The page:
Anchorage bakery closes in Hostess shutdown

Karen Tocktoo fills up the back of her car with Wonder Bread which she will ship to her father Vincent Tocktoo in Shishmaref. The Sunrise Bakery, maker of Wonder Bread, in Spenard shut down operations on Friday, Nov. 16, 2012 in Anchorage, Alaska. (AP Photo/Anchorage Daily News, Bob Hallinen)

ANCHORAGE — An Anchorage bakery has shut its doors as part of Hostess Brands national shutdown and 90 people have lost their jobs.


The closure of Sunrise Bakery on Friday leaves Alaska without a large-scale, wholesale baker, The Anchorage Daily News reported.

The bakery’s financially troubled parent company, Hostess Brands, known for Wonder Bread and Twinkies, announced it was shutting down operation. Hostess is putting its assets, including the Anchorage bakery, up for sale immediately.

The death blow for Hostess came from a labor dispute that didn’t involve the Alaska operation, said Anita-Marie Laurie, a corporate spokeswoman based in Los Angeles.

The bakery, which has been located at the same spot in Spenard under various names and owners since before statehood, is known for its slogan “2,000 miles fresher.”

The end of Hostess in Alaska means more than Alaska store shelves without Twinkies and Ding-Dongs.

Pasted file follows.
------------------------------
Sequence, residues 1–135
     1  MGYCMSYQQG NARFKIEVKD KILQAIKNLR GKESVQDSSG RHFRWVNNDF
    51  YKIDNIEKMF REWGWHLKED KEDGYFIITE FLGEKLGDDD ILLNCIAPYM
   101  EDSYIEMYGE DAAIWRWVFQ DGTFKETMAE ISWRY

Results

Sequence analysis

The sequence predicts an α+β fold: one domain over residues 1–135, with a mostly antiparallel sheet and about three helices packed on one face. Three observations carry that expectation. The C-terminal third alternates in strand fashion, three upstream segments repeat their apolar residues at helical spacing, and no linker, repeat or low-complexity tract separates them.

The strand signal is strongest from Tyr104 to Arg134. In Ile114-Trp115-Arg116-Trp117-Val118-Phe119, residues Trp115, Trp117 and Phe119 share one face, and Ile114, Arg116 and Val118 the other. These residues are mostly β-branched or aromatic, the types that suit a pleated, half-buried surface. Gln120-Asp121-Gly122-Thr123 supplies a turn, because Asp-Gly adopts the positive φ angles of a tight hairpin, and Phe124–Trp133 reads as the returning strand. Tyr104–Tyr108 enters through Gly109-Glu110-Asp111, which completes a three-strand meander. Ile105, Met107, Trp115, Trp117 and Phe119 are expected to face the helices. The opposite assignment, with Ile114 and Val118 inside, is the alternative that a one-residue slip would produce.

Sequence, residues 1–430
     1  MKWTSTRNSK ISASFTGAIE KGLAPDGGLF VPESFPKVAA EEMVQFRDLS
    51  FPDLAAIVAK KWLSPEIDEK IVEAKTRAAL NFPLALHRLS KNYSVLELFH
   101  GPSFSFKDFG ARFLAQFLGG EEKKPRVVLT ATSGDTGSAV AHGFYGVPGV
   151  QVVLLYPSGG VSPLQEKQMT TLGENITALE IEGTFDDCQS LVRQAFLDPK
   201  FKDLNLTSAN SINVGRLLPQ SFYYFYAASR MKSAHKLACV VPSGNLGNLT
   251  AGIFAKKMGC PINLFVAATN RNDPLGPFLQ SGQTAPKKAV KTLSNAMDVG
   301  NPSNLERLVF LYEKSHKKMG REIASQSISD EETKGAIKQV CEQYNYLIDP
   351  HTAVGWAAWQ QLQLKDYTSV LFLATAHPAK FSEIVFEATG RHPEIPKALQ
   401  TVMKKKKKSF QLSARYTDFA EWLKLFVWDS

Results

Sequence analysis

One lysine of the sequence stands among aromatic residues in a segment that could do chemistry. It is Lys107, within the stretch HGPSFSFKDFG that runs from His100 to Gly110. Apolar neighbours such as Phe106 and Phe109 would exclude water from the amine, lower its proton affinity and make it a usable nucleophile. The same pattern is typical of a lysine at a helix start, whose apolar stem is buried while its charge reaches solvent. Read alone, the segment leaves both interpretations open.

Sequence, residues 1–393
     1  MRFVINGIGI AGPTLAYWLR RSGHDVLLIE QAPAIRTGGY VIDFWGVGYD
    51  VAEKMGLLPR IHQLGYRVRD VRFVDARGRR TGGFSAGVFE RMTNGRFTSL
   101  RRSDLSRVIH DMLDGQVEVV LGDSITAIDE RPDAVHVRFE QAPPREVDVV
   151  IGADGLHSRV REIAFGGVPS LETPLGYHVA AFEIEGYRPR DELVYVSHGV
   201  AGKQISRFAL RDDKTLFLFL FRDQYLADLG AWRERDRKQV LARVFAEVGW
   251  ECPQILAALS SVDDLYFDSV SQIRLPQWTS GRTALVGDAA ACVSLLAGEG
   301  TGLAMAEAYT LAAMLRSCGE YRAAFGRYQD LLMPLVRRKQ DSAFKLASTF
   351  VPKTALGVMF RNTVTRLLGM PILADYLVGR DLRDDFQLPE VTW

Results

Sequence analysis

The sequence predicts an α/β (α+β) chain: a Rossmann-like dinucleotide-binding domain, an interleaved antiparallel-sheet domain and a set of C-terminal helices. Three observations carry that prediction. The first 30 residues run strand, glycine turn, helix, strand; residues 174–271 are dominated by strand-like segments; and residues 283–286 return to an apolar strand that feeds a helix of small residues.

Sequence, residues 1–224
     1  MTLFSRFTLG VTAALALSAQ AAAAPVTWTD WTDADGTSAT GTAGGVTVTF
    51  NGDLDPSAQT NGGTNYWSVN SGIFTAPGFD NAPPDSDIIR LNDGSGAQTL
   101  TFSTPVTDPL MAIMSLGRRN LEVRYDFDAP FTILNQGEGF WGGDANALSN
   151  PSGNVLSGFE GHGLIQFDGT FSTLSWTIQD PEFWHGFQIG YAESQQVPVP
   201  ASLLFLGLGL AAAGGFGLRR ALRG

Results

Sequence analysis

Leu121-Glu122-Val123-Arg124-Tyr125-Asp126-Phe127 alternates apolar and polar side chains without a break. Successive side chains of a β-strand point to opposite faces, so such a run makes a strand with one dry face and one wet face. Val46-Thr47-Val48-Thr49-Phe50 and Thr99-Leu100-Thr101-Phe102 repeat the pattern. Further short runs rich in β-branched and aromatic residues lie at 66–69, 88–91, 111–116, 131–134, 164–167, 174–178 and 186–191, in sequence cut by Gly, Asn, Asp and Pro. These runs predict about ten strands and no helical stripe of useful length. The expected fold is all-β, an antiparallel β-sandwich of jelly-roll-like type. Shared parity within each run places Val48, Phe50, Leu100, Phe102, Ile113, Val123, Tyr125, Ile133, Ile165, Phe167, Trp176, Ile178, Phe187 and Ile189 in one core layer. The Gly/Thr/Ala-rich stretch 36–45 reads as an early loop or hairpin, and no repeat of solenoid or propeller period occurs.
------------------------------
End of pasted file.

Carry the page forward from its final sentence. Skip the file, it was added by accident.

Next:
Among the products produced at the Spenard plant: Wonder, Home Pride and Alaska Pride brand breads. The plant didn’t make Hostess snacks.

For decades, it has supplied grocery stores, restaurants and the Anchorage School District with baked-in-Alaska bread products. It also has donated leftovers to charities such as the Food Bank of Alaska.

Now those businesses have to make other plans.

School District dietitian LaDonna Dean said she was driving to work Friday morning when she heard on the radio that Hostess would be closing.

“I was like, hey wait, that’s where we get our bread from,” she said.

The district quickly bought out the bakery’s remaining inventory of hamburger buns and sandwich breads. Now it is scrambling to find a new, preferably local, supplier.

One option may be buying from the Matanuska-Susitna Borough School District, which makes its own bread.

Drew Faddis, manager of an Anchorage Outback Steakhouse, said his restaurant relied on Sunrise Bakery to custom-bake 1,200 loaves of “signature” honey-wheat bread each week.

He found out about the closure Friday from his newly laid-off delivery driver.

“It was a total surprise,” he said. “The driver found out via text.”

At the on-site retail thrift store Friday, the line for the cash register was a dozen people deep before noon.

Last batches of bread were still on the conveyor belt but shelves were quickly being picked bare. A cashier said the first three customers of the day had wiped out the entire remaining stock of Twinkies — more than 90 packages in all. Chocolate Twinkies were still on hand and Zingers, Donettes, Sno-Balls and Iced Bear Claws were abundant.

In the parking lot, Karen Tocktoo loaded her trunk with cases of bread and cookies.

For years, she’s bought bread at the discount store to send to her parents in Shishmaref. A single loaf of Wonder Bread in the village can run more than $5, she said.

At the Sunrise Bakery you could buy three loaves for the same price.

“What will we do for turkey sandwiches without our white bread?” she said.

By the time she pulled out of the parking lot a locksmith had arrived to begin changing the locks.


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